• Computer related positions are no longer in transition and have evolved significantly since the 2000 memo was issued
  • Individuals with only an associate’s degree may enter programmer occupations and it is improper to conclude that USCIS generally considers the position of programmer to qualify as a specialty occupation
  • An entry level computer programmer position would not generally qualify as a position in a specialty occupation
  • Petitioners cannot solely rely on the Occupational Outlook Handbook, and must provide probative evidence to establish that the Beneficiary meets at least one of the criteria listed in 8 CFR 214.2(h)(4)(iii):
    • (1) A baccalaureate or higher degree or its equivalent is normally the minimum requirement for entry into the particular position;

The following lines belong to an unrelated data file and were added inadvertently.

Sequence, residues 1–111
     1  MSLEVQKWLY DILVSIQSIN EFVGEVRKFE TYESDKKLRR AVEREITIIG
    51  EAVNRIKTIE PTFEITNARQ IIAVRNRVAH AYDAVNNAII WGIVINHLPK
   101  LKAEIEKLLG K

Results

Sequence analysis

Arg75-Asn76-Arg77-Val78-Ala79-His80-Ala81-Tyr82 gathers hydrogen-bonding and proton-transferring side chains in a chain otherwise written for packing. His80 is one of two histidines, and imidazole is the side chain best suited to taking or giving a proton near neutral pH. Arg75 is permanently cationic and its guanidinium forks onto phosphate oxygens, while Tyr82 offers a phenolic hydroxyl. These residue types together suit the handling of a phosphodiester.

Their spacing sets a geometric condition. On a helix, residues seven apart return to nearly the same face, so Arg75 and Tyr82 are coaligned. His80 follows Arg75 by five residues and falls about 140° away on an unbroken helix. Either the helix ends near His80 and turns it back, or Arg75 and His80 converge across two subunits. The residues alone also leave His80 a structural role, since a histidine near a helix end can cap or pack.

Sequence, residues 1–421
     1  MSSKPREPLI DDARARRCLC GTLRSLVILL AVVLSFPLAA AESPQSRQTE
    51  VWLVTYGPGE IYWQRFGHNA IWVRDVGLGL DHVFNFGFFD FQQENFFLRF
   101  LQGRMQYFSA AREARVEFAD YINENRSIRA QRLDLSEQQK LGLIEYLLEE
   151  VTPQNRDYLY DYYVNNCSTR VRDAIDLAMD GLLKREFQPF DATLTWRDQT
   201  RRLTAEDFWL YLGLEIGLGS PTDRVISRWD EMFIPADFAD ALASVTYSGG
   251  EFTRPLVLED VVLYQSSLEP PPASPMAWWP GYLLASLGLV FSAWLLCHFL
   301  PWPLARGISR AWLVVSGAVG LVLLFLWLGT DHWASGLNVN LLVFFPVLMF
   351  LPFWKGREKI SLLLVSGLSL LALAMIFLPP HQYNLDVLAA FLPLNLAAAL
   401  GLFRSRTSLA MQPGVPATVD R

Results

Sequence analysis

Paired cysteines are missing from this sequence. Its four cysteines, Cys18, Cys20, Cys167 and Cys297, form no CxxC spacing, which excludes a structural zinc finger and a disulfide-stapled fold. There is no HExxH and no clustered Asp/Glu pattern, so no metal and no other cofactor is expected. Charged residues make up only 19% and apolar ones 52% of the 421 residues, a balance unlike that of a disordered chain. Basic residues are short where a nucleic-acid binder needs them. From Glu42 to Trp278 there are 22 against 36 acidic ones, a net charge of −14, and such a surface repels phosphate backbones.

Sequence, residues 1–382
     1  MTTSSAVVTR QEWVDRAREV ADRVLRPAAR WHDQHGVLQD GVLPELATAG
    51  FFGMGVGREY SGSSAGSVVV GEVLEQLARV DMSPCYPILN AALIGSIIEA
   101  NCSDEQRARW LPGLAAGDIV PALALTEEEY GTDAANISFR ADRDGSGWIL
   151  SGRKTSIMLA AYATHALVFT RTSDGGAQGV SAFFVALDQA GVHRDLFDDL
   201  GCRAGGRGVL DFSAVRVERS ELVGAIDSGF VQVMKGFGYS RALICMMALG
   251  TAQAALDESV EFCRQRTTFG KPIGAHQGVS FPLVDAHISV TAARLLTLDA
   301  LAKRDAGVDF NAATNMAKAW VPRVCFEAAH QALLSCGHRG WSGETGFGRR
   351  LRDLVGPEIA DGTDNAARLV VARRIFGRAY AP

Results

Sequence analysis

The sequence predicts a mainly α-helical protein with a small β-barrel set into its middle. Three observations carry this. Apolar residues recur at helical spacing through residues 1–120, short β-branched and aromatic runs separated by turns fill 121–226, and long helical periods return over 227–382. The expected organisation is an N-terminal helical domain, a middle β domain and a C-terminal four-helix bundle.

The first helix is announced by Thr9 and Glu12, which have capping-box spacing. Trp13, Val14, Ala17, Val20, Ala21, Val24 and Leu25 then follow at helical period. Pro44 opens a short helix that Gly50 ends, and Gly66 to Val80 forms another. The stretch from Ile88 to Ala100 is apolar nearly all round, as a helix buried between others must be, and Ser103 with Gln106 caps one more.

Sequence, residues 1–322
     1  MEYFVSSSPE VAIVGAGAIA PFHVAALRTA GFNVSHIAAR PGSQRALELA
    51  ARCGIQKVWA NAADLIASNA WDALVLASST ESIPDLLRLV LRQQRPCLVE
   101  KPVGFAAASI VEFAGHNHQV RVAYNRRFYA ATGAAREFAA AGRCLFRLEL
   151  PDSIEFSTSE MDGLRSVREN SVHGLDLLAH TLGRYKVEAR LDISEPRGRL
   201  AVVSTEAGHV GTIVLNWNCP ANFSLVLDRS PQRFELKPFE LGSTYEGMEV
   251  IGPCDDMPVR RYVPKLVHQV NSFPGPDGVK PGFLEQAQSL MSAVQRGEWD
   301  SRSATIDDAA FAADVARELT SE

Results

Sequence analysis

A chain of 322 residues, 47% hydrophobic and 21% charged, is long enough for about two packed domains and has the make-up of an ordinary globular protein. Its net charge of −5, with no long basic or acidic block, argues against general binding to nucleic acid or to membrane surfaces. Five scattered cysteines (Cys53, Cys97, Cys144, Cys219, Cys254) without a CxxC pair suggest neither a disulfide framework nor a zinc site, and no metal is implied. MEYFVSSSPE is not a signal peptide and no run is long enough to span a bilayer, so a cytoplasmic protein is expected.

• (2) The degree requirement is common to the industry in parallel positions among similar organizations or, in the alternative, an employer may show that its particular position is so complex or unique that it can be performed only by an individual with a degree;
    • (3) The employer normally requires a degree or its equivalent for the position; or
    • (4) The nature of the specific duties are so specialized and complex that knowledge required to perform the duties is usually associated with the attainment of a baccalaureate or higher degree.

What this means for our clients:

More of the same. Although the 2000 memo was rescinded last week, USCIS has been moving away from the memo’s guidance for some time now. It is good that USCIS is clarifying its stance on the issue of specialty occupations in the programming field to promote uniform adjudications of H-1B petitions across service centers, but the standards set by H-1B regulations remain in place. All specialty occupations for H-1B purposes require at least a bachelor’s degree or its equivalent in the specific specialty.